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13 March 2017

Whose language is it anyway?

The English Pronouncing Dictionary is 100 years old this year. This classic British guide to pronunciation, originally authored by Daniel Jones in 1917, has long been considered “perhaps the greatest work of the greatest of British phoneticians”[1].

When the ‘standard’ was male and Southern

The original English Pronouncing Dictionary used PSP (Public School Pronunciation) as a model, defined as ‘that most usually heard in everyday speech in the families of Southern English persons whose menfolk have been educated at the great public boarding schools’. Daniel Jones and his peers, such as Henry Sweet, led the way in the study and teaching of pronunciation, and their work has been noted as the inspiration for George Bernard Shaw’s Pygmalion. Jones’s dictionary soon became the ultimate guide for anyone wishing to check the ‘standard’ pronunciation of words, whether English was their mother tongue or a language they were learning.

The changing of attitudes

Attitudes towards pronunciation and accents have changed significantly over the past 100 years. Starting with Wilfred Pickles OBE in the 1940s, even the BBC has gradually introduced regional accents to its line-up of news broadcasters, distancing itself somewhat from the old-fashioned view of PSP or RP (Received Pronunciation) as the voice of broadcasting. Changing attitudes are also related to the growth of English as a global language. In 2008, language expert David Crystal estimated that globally, non-native speakers of English outnumbered native speakers by three to one, and more recent estimates have suggested this could now be as high as six to one.

Nowadays there’s rarely any need, or for most people any desire, to modify accents or the way in which their words are pronounced. And those learning the language can turn to social media for advice on how to understand and be understood in English. For many, YouTube has become the go-to resource, with countless YouTubers dishing out free advice on English grammar, vocabulary and pronunciation. Internet favourites like ‘Korean Billy’ are even teaching the British a thing or two about their own regional accents.

Do we still need an English Pronouncing Dictionary?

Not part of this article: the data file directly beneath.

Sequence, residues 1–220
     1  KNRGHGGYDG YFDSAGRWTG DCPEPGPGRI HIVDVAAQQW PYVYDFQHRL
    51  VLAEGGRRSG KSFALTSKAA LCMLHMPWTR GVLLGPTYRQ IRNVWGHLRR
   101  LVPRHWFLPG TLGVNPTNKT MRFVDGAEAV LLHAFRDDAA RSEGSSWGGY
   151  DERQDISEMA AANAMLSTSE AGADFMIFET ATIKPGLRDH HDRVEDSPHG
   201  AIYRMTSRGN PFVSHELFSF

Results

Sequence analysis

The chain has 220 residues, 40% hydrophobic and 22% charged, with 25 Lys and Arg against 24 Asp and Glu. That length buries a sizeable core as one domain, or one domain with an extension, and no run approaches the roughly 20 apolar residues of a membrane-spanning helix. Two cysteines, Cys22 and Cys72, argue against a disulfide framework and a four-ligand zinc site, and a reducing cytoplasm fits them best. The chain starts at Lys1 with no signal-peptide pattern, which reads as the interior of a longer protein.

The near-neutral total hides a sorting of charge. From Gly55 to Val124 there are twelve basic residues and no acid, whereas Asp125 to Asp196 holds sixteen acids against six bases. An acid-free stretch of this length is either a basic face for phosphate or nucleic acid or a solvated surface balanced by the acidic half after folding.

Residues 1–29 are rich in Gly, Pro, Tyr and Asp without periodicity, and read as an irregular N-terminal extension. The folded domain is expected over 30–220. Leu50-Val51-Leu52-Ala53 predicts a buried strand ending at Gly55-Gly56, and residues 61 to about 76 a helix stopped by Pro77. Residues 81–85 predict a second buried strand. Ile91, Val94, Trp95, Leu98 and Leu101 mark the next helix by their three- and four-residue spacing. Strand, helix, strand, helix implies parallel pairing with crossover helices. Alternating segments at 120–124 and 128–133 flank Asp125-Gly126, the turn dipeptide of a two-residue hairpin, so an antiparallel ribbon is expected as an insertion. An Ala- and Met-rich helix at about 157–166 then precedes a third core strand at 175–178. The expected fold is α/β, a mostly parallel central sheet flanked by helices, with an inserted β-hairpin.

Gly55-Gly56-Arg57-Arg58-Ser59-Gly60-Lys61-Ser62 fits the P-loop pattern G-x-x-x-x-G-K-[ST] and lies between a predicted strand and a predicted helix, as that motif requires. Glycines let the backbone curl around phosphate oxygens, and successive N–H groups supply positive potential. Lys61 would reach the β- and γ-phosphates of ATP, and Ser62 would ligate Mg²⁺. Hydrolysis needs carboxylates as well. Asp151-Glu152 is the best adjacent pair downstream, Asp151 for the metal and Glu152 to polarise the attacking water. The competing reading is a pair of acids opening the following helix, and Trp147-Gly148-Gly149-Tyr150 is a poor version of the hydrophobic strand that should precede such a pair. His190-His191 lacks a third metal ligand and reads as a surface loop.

Whist recognizing the wealth of online resources that are available to help with pronunciation, Publishing Manager Wendalyn Nichols at Cambridge University Press explains why dictionaries remain of value to language learners:

“When learning a language, it is incredibly useful to have a single, consistent model when developing speaking skills, and clear pronunciation in particular, even if you have no desire to lose your accent. So rather than presenting learners with a model for how they should speak, the English Pronouncing Dictionary simply offers learners a consistent point of reference for how many people do speak. Its purpose is descriptive, not prescriptive. The accents described in the dictionary are two widely-recognised standard accents of English that can be described as broadcast English for the British pronunciations, and ‘standard’ American broadcast English for the US pronunciations.

Importantly, authoritative dictionaries like this also provide a trusted resource for learners who may otherwise struggle to make sense of the conflicting advice on the Web, which can often be inaccurate or biased toward the speaker’s own accent.”

Cambridge University Press took over the publishing of the English Pronouncing Dictionary in 1991. In addition to the classic print version, it is now also available as a mobile app for Android and iOS. Perfect for anyone wanting an instant, trustworthy guide to pronunciation in their pocket, and no doubt something that the pioneering Daniel Jones, and perhaps even Professor Higgins, would have approved of.

[1] Roach, P., Setter, J. and Esling, J. 2011. Preface. In: Jones, D. Cambridge English Pronouncing Dictionary 18th Edition. Cambridge: Cambridge University Press, iii

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